Every so often, when I am called upon to sign some contract or
other, I have a conversation that goes like this:
Me: I can't sign this contract; clause 14(a) gives you the right to chop off my hand.
Them: Oh, the lawyers made us put that in. Don't worry about it; of course we would never exercise that clause.
There is only one response you should make to this line of argument:
Well, my lawyer says I can't agree to that, and since you say that
you would never exercise that clause, I'm sure you will have no problem
removing it from the contract.
Because if the lawyers made them put in there, that is for a reason.
And there is only one possible reason, which is that the lawyers do,
in fact, envision that they might one day exercise that clause and
chop off your hand.
The other party may proceed further with the same argument: “Look, I
have been in this business twenty years, and I swear to you that we
have never chopped off anyone's hand.” You must remember the one
response, and repeat it:
Great! Since you say that you have never chopped off anyone's hand,
then you will have no problem removing that clause from the
You must repeat this over and over until it works. The other party is
lazy. They just want the contract signed. They don't want to deal
with their lawyers. They may sincerely believe that they would never
chop off anyone's hand. They are just looking for the easiest way
forward. You must make them understand that there is no easier way
forward than to remove the hand-chopping clause.
They will say “The deadline is looming! If we don't get this contract
executed soon it will be TOO LATE!” They are trying to blame you for the blown deadline. You should put the blame back where it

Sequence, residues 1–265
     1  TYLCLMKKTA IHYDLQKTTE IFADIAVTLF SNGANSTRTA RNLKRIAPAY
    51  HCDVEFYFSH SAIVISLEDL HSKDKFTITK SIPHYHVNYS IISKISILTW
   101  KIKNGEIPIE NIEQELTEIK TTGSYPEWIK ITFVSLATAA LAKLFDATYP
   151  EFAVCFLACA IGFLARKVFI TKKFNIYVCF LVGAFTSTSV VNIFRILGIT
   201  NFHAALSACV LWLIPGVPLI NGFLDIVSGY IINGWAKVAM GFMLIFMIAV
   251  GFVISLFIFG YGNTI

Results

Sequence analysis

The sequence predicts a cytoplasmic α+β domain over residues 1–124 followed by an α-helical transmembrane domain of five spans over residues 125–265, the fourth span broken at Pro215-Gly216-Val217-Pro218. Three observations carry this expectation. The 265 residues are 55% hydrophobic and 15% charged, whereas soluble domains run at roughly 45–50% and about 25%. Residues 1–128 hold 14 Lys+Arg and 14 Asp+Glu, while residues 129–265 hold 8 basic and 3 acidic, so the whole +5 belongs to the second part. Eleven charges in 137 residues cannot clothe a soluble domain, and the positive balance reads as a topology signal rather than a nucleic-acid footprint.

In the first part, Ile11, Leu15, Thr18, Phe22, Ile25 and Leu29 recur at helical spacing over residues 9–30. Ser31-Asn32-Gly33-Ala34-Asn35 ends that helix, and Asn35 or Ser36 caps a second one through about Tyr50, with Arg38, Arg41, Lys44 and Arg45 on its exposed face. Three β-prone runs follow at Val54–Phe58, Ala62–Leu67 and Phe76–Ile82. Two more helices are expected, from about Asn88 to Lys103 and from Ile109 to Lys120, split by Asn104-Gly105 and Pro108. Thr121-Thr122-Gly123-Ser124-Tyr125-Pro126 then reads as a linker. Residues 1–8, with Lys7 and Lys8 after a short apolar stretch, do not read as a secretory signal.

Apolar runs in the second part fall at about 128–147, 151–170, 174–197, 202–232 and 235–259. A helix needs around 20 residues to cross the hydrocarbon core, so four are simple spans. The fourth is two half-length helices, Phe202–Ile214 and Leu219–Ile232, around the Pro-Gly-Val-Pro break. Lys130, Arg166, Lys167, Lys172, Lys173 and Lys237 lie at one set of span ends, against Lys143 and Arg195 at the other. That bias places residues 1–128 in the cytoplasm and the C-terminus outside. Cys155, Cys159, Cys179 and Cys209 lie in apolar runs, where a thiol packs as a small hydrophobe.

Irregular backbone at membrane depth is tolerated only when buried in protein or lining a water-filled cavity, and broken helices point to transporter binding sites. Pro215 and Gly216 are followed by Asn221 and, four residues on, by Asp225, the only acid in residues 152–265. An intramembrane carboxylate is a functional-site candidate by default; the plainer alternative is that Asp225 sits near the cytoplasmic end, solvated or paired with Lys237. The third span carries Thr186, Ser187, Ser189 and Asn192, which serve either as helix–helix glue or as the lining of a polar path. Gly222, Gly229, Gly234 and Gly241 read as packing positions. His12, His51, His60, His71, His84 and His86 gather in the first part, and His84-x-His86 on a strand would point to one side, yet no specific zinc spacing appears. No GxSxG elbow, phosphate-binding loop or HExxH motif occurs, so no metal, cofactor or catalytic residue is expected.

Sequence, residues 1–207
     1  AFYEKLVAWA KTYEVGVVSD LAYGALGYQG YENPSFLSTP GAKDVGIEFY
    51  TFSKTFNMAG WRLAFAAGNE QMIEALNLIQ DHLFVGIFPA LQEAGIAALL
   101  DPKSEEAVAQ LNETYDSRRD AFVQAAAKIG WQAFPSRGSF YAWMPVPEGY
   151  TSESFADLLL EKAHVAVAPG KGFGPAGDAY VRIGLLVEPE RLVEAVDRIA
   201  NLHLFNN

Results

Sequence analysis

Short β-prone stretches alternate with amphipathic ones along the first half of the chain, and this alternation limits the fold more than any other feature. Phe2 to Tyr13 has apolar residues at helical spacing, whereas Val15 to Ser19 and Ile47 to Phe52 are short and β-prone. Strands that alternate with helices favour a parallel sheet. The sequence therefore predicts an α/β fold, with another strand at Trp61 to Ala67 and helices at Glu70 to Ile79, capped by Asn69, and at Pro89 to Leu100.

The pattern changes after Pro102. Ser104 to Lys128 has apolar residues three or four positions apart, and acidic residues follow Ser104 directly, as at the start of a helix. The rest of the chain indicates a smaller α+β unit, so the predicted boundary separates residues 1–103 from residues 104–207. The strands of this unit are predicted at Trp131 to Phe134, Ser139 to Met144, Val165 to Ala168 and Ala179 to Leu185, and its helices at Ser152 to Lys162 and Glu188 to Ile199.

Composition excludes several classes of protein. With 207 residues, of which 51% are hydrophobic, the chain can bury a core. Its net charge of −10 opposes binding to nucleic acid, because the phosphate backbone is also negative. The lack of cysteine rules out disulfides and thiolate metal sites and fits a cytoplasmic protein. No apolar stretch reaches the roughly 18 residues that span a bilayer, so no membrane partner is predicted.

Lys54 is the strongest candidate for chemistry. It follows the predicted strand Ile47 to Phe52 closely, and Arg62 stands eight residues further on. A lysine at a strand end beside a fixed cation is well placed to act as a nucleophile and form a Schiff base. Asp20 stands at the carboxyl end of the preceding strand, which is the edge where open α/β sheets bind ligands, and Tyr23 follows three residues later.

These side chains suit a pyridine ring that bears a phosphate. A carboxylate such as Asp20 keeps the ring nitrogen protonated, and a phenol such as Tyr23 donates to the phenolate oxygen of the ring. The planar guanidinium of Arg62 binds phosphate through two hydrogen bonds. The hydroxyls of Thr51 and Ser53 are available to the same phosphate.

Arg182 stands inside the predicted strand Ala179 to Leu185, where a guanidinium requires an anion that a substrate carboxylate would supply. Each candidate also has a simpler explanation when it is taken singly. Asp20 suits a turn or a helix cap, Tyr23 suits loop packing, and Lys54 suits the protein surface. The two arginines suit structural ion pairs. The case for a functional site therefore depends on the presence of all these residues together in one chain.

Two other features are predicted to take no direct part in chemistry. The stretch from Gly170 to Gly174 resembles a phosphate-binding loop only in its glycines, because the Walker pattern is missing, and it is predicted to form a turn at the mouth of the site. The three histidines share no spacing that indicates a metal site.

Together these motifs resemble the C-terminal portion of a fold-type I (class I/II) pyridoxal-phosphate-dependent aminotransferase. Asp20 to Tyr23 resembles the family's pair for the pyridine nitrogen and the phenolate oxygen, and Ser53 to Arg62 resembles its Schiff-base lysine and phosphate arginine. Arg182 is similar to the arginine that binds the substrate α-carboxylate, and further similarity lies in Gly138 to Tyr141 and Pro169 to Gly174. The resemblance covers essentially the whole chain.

As I've made quite clear, I can't sign this contract with the
hand-chopping clause. If you want to get this executed soon, you
must strike out that clause before it is TOO LATE.
And if the other party would prefer to walk away from the deal rather
than abandon their hand-chopping rights, what does that tell you about
the value they put on the hand-chopping clause? They claim that
they don't care about it and they have never exercised it, but they
would prefer to give up on the whole project, rather than abandon
hand-chopping? That is a situation that is well worth walking away
from, and you can congratulate yourself on your clean escape.
[ Addendum: Steve Bogart asked
asks on Twitter for examples of unacceptable
contract demands; dealbreaker
clauses. Some I thought of so many that I put them in a separate
article. ] immediately include: Any nonspecific
non-disclosure agreement with a horizon more than three years off,
because after three years you are not going to remember what it was
that you were not supposed to disclose. Any contract in which you
give up your right to sue the other party if they were to cheat you.
Most contracts in which you permanently relinquish your right to
disparage or publicly criticize the other party. Any contract that
leaves you on the hook for the other party's losses if the project is